Freedom need have no alarm that Individualists, properly so-called, will dub themselves Anarchists; though some Anarchists call themselves Individualists—probably for the same reason that some Agnostics call themselves Unitarians. That Individualistic Anarchists claim, not only that they are Anarchists, but that they are the unique and rightful proprietors of that title, is not only well-known but what one might expect; and that Communist Anarchists retort, as above, that they are the sole genuine Anarchistic article, is equally in accordance with what Sam Slick would call “human nature.” Viewing the matter in that cool, calm light which alone befits the purposes of the student of political philosophy, it seems to me that neither of these sections is entitled to bar the other from the Anarchistic fold. They are both opposed to the existence of government; and, though they differ as to what should be done when the State had been got rid of, and would probably be at each other’s throats the moment the authority which they both assail was removed, the range of their agreement entitles them equally to the general designation of Anarchists.
The scheme of classification on the next page will perhaps aid in forming a clear notion of this branch of political terminology.
As a matter of strict classification, the varieties of Anarchism should not come into this diagram; for directly it is decided that the State shall not exist, what takes place afterwards is a matter of no political concern: the varieties of Anarchism are not varieties of State functioning. Moreover, these varieties are not formally exhaustive, and constitute, therefore, no real classification. But, as persons have these schemes of extra-political action in their minds while the State yet flourishes, and as the desire of each of them to abolish it is bound up with his hope to substitute for its rule his particular plan of social life, it is well to take into consideration these variations in the Anarchist ideal at the same time as we think out the general question of the function of the State.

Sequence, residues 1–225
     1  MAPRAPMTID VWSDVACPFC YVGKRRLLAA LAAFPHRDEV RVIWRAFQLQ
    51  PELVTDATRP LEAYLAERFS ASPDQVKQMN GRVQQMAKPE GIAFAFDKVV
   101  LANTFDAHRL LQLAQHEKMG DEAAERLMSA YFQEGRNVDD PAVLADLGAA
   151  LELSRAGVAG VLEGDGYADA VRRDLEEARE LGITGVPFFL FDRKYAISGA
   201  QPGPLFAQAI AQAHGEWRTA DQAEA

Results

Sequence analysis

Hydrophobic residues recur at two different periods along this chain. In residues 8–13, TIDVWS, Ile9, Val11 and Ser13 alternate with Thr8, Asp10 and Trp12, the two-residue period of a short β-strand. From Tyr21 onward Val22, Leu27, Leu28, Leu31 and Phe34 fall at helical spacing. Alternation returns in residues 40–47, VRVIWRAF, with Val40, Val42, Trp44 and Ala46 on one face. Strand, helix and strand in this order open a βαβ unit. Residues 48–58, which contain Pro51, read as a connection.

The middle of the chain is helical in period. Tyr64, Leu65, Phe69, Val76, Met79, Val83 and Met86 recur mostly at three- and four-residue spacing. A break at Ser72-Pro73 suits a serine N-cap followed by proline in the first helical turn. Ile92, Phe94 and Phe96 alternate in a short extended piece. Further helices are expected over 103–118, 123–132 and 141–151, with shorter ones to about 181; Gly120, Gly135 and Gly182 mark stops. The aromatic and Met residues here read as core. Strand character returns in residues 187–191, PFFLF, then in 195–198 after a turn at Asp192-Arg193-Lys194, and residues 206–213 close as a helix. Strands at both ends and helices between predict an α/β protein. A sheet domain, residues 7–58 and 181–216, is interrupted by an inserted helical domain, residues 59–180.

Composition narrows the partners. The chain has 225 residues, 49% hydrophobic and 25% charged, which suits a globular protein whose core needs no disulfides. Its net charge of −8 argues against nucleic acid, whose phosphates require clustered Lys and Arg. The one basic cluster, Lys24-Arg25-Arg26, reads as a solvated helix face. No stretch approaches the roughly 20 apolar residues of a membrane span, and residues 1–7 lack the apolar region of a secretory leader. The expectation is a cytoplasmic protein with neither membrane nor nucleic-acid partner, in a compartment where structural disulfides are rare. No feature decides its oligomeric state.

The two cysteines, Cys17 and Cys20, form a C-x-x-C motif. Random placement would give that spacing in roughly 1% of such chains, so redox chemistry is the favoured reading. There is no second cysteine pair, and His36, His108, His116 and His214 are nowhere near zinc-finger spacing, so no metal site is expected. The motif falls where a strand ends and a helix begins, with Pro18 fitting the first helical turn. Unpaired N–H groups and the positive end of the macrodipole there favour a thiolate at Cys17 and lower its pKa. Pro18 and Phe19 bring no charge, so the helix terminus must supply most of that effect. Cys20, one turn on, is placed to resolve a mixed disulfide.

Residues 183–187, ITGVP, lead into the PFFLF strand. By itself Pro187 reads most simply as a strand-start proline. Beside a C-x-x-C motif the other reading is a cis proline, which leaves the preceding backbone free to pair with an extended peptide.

The respective attitudes of these three sorts of Anarchists are well illustrated by their position with regard to the land. The Conservative Anarchist would retain private property in land very much as it is in England at the present day, merely abolishing the obstacles to its free sale and purchase. The Individualist Anarchist would laugh at this pretension to sell or let land, and would recognize only the right of the squatter to the land in his use or productive occupation. The Communist Anarchist would decline to recognize any rights of property in land—or aught else.
The Systematic Socialists are well represented in this country by the Social Democratic Party and the Fabian Society—Mr. Hyndman and Mr. Sidney Webb. The Empirical Socialist is a “moderate” man. He is in favour of liberty and many other good things; but does not think they should be carried to “extremes.” Not that he does or can give you any general rule as to how far they should be sanctioned; but he is quite certain that they should be maintained in “so far as it is good,” and that they should “not be carried too far.” In fact he is “not a doctrinaire.” He is a “practical man,” and judges every question “on its merits.” He has many newspapers devoted to his enlightenment, and is abundantly represented in Parliament. The present House of Commons consists of Empirical Socialists with a small sprinkling of Systematic Socialists. As Empirical Socialism is the only political creed which will enable a politician to choose, from time to time, the exact nuance which is favourable to his acceptance by a constituency of heterogeneous opinions, it is naturally favoured by men who desire to write M.P. after their names.
It may be argued that political terminology cannot grow out of theories of State Function only; but must also depend on questions of State Structure. This is true; but the classifications should be separate, and the problem of State Function is the fundamental one. That which the State should constructively be must turn upon what we want it to do. It is quite possible, no doubt, that persons who agree as to State Function may differ as to State Structure; for while the general question of State Function is one of theory, and can be worked out with all the rigidity and exactitude of an economic formula, questions of State Structure are largely matters of art and the minor expediencies. But, after all, the crucial question is the political end. To that the political means must necessarily be shaped.
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[* ] See Mill’s Principles of Political Economy, Book V., Chap. I., § 2, last paragraph.